This One Little Metric Could Have A Big Impact on Your Wine or Spirits Sales

When it comes to measuring and tracking the right things in the wine & spirits game (KPI’s to those of you pulling on the oars in the belly of corporate slave ships), there are far more options than there used to be. Oh, sure, you still have the old Reagan-era metrics like depletions and accounts sold. No doubt important but not very insightful if you’re looking for deeper understanding into the quality of your distribution. It’s nearly impossible to tell from these rudimentary dimensions if you’ve got the right products in the right places. In fact, for those of you given to impatience, “right places” is very much where I’m headed in this article.

And what about top ten and bottom ten? There are all kinds of ways to apply these whiffle balls (accounts, territories, distributors, states, etc.). But while this is certainly something that’s good to know the best it can do is indicate where YOU’RE doing or (not doing) business. It will never tell you where you SHOULD or should not be doing business. If it was me, I’d much rather learn about the most valuable “white space” accounts, the 20-percenters, the honey holes, the big tunas. Well, who wouldn’t, you might say? Good luck with that, some might say.
Given the unprecedented level of the competition today, it’s a fatal error to assume something can’t be quantified. I encourage all of you reading this to immediately start questioning everything- starting with what you measure and why. Sometimes you’ve got to be like Yoda and unlearn what you have learned. In case you haven’t noticed, we live in a very flat world. Literally everything can be optimized. Now I do think optimization as a concept has been overdone in certain applications (Fitbit comes to mind) but the wine & spirits business can never be accused of going overboard with it.

Which brings me to what I regard as the single most important metric: sales per point of distribution aka velocity. I know for a fact that not all accounts are equal so what I want to know is precisely which accounts are the most unequal – especially on the biggest-bang-for-the-buck end of the spectrum. “Wide and thin” used to be a popular and noble strategy for distribution but with so many more SKU’s chasing much fewer square feet of shelf space, it just isn’t a practical pursuit any longer. Fewer accounts but the RIGHT accounts -now that’s using your noodle.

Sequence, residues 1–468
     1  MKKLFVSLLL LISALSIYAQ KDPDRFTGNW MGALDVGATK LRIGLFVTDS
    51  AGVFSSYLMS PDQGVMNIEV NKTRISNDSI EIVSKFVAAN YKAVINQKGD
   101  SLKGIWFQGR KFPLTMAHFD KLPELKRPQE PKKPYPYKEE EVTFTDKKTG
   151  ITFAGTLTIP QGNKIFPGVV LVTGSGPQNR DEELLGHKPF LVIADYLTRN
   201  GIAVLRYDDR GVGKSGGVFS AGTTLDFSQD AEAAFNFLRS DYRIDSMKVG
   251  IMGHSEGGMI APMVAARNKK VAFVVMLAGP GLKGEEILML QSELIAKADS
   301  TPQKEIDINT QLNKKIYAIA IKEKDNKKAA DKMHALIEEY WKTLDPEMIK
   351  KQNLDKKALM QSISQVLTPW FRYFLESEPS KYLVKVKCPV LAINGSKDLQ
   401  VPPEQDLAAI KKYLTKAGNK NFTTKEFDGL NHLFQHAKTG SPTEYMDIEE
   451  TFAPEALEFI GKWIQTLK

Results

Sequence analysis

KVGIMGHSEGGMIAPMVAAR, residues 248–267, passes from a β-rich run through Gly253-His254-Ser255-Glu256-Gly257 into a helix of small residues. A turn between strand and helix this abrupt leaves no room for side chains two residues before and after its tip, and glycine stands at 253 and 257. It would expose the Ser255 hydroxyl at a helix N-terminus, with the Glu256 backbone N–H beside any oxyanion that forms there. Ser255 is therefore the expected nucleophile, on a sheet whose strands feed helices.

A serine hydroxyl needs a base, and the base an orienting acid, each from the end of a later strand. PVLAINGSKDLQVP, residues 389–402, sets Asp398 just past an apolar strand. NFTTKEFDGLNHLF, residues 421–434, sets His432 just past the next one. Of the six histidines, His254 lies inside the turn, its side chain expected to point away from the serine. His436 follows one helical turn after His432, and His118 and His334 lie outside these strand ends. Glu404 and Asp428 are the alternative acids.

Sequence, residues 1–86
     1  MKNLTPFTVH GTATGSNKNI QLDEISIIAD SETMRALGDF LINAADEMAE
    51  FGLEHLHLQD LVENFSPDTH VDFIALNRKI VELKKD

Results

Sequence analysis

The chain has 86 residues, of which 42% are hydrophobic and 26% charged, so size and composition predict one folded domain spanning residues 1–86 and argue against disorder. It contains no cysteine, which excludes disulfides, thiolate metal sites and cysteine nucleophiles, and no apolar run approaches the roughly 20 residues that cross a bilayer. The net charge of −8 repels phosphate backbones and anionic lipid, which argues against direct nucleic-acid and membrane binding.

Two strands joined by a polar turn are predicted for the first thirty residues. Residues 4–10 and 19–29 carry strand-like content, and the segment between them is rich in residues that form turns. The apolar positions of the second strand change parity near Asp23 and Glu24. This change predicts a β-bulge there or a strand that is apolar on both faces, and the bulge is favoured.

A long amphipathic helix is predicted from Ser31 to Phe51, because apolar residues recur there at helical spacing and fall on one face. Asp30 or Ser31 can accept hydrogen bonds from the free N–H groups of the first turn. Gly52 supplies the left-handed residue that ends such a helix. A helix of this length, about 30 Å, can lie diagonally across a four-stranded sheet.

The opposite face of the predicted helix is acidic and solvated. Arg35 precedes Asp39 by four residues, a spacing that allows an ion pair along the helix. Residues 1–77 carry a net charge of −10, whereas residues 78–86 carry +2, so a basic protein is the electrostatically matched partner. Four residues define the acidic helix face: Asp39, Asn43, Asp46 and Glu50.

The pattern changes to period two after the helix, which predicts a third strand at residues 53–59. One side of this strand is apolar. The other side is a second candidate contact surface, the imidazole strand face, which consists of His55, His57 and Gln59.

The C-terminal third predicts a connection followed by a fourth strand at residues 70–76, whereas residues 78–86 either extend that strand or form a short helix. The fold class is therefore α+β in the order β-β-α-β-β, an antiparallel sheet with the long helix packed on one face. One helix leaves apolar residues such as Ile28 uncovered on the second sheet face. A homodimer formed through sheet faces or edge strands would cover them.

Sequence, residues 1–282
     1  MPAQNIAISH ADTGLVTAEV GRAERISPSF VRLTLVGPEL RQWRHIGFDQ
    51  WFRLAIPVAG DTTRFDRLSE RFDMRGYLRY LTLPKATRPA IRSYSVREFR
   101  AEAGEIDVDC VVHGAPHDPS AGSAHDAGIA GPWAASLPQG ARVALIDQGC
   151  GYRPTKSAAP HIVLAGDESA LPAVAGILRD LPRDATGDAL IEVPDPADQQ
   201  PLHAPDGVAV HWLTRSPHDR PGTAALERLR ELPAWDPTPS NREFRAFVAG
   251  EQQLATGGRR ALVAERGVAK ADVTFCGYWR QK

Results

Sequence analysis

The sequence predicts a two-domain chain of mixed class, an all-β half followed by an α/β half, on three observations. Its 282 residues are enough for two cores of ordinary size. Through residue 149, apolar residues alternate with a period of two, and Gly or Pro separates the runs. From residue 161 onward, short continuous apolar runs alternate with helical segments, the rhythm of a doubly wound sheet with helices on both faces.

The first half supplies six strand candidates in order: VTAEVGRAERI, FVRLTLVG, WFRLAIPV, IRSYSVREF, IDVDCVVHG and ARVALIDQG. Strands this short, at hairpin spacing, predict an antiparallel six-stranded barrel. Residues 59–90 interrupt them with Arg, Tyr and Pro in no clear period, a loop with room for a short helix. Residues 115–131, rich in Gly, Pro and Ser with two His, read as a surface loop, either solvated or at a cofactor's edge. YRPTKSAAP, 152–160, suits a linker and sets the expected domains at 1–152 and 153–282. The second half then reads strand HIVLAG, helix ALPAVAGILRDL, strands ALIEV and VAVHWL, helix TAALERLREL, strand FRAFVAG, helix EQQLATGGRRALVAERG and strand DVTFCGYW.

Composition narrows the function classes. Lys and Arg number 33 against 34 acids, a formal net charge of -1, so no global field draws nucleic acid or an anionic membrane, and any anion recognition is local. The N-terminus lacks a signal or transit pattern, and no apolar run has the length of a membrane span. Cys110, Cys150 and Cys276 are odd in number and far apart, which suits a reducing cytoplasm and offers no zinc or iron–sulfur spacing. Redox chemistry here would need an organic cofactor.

And with less total points of distribution available, we must pay close attention to the retention and longevity of each placement as well. “Churn” is the mortal enemy of modern distribution and if YOU don’t pay super-close attention to it, you’ll be among its many victims. Churn is the most insidious byproduct of the too many brands / too few distributors dilemma we find ourselves in nowadays and God help you if you’re not monitoring it DAILY. Like cancer cells feed on sugar, so does the distribution machinery feast on churn. And guess where you won’t notice churn? By measuring depletions and account sold, of course.

Once you commit to relentlessly measuring velocity, like proverbial scales falling from your eyes, you’ll notice opportunities everywhere. You’ll begin to see crystal clear correlations like the one between foot traffic and velocity. You’ll see with Clark Kent clarity that certain “attributes” of one high volume account can easily be extrapolated to twenty more just like it. Look, we’ve been so used to relying on distributors for so long now, we’ve forgot how to think (and research) for ourselves. Remember when we used to set goals for “HT and MT” accounts (high traffic and medium traffic)? Maybe people still do, I don’t know. But nowadays you can apply “High Traffic” to just about everything – and you’d be very wise to do so.